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Tables may be included in wiki pages with wiki markup language alone or in combination with XHTML. However, as a general rule, it is best to avoid using a table unless you need one. Table markup looks intimidating (although simple tables are not hard to enter) and presence of tables can complicate page editing. By far the easiest way to create a table is to use the table symbol () on the edit toolbar. You can use the dialogue box to define how many rows and columns, whether you want headers, and whether you want borders.
In the first section a text editing system is reviewed.
Ongoing growth in the volume of raw data generated by digitized oil and gas operations has been widely documented (Spath, 2014). What may be less apparent is that the industry is also authoring dramatically more unstructured content--interpretations, learnings, case studies, etc.--on an annual basis. This is not surprising, as anecdotal evidence suggests that most decisions are taken on the basis of unstructured data (Quaadgras & Beath, 2011) (Garland, 2017) (Palkowsky, 2005) (Haines, Shaughnessy, & Briggs, 2006) (Hollingsworth & Schey, 2017). At the Society of Petroleum Engineers, the number of new papers published annually has followed an exponential growth curve that doubles approximately every 10-11 years, beginning as far back as the early 1950's. Beyond books, journals, and conference papers available through the OnePetro digital library, SPE content comprises articles from print (the Journal of Petroleum Technology), digital-only publications (Oil and Gas Facilities, The Way Ahead and HSE Now), a variety of general-interest web pages, and technical resources (PetroWiki and SPE Connect). Well over 200,000 distinct items--papers or web pages--are available through the SPE's web sites as of May 2018. For oil and gas professionals looking for information from SPE content, the growing volume of information and diversity of sources has made it increasingly hard to find the relevant content quickly.
This paper was prepared for presentation at the 1999 SPE/EPA Exploration and Production Environmental Conference held in Austin, Texas, 28 February-3 March 1999.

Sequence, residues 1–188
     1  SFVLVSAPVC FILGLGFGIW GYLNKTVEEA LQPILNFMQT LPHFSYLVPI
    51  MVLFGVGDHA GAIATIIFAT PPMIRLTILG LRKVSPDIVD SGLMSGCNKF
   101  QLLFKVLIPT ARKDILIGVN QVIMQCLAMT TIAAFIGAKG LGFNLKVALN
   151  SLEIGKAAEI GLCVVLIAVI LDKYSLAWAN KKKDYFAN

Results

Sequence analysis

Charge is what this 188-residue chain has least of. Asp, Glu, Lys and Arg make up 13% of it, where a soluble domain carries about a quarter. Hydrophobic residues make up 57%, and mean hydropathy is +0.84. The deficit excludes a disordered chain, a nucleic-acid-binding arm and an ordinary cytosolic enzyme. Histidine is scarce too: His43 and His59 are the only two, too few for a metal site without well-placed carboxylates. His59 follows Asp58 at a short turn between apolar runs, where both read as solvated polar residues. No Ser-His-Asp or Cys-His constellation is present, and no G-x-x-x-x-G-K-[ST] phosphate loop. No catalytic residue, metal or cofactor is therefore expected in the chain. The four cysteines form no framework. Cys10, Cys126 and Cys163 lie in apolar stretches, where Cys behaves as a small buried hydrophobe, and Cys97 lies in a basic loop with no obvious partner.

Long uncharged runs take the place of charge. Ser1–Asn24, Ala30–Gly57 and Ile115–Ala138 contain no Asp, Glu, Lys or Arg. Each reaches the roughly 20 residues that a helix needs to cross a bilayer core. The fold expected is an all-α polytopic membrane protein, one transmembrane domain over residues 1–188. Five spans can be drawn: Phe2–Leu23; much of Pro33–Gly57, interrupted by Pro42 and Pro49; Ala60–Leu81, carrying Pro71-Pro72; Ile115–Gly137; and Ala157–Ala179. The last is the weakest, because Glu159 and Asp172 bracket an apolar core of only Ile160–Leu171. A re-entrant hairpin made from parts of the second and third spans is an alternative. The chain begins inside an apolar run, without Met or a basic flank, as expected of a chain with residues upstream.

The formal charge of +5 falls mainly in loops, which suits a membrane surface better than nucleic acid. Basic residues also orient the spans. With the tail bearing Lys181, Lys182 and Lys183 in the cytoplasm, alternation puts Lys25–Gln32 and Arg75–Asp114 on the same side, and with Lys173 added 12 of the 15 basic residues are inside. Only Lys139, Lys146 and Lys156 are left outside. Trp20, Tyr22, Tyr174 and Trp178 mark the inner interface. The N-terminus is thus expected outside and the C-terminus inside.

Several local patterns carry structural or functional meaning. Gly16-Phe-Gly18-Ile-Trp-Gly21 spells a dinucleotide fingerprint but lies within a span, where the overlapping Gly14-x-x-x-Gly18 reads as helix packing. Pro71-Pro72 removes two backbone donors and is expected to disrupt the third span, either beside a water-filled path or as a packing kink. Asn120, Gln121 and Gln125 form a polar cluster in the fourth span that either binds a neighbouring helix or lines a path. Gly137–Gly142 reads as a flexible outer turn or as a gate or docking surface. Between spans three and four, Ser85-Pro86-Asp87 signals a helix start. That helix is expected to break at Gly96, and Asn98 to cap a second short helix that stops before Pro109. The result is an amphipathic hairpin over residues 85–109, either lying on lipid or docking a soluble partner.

Abstract This paper describes the interactive Oil Spill Contingency Plan (i-OSCP) which TOTAL E&P developed in partnership with OSRL. The i-OSCP is accessed via the organisation's intranet, and provides a procedural framework, information and tools to support personnel during an oil spill response. Using standard internet technology the i-OSCP incorporates interactive forms, and provides a simple means of accessing, recording and communicating information. Oil spill reports and other forms are completed on-line, distributed by e-mail and are used to update an incident status screen. Data from other sources within the organisation are incorporated, which saves duplication of information and improves integration with existing systems. Acceptance of the i-OSCP by the organisation has been rapid due to the ease of use. A key feature for the HSE department is the simple means by which data and forms can be modified or updated. Introduction The interactive oil spill contingency plan (i-OSCP) is a website which is designed to give the information most immediately required by the on-site response team and the emergency management team following an oil spill incident. The i-OSCP was developed to provide oil spill contingency plans to TOTAL E&P through its intranet. A prototype i-OSCP was installed in March 2003 and was rapidly adopted by the affiliate as a simple and reliable way of finding out oil spill response information. Following the success of the prototype, it was decided to continue with technical enhancements to the i-OSCP, to make the website dynamic and interactive, and to establish a standard i-OSCP format which the Company may wish to adapt and use elsewhere. This has now been achieved. By making effective use of internet technology the i-OSCP allows data to be typed in to a form on the website, and for this data to be instantly transferred to a database. The new information in the database then automatically updates a status screen. In other words it is now possible for anyone to report on an incident via the intranet, and then for this information to be immediately viewed via an incident status screen on the i-OSCP. The ability to collect and provide accurate information in ‘real time’ is central to the acceptance of the i-OSCP by individuals as well as the organisation as a whole. Furthermore, by incorporating a database into the i-OSCP it is now very easy for the i-OSCP to be maintained by the HSE department. So any information which needs to be modified, e.g. names, titles or phone numbers, can be updated without the need for any special technical knowledge. In this paper we describe the i-OSCP, explain how it works, how it was developed, and outline what was done to ensure success. Description of the i-OSCP The i-OSCP is a website which is designed to be of maximum use to operational personnel following an oil spill incident. The user opens the i-OSCP by clicking on the oil spill emergency button on the Home Page of the organisation's intranet. The i-OSCP then leads them step-by-step through the appropriate emergency procedures, see Figure 1 below. Details of the incident and action taken are reported via electronic forms, and the user is able to access several interactive tools which assist with oil spill assessment and decision making. The i-OSCP makes it easy to find and consult the organisation's OSCP and other relevant documents, and to search for details within a document.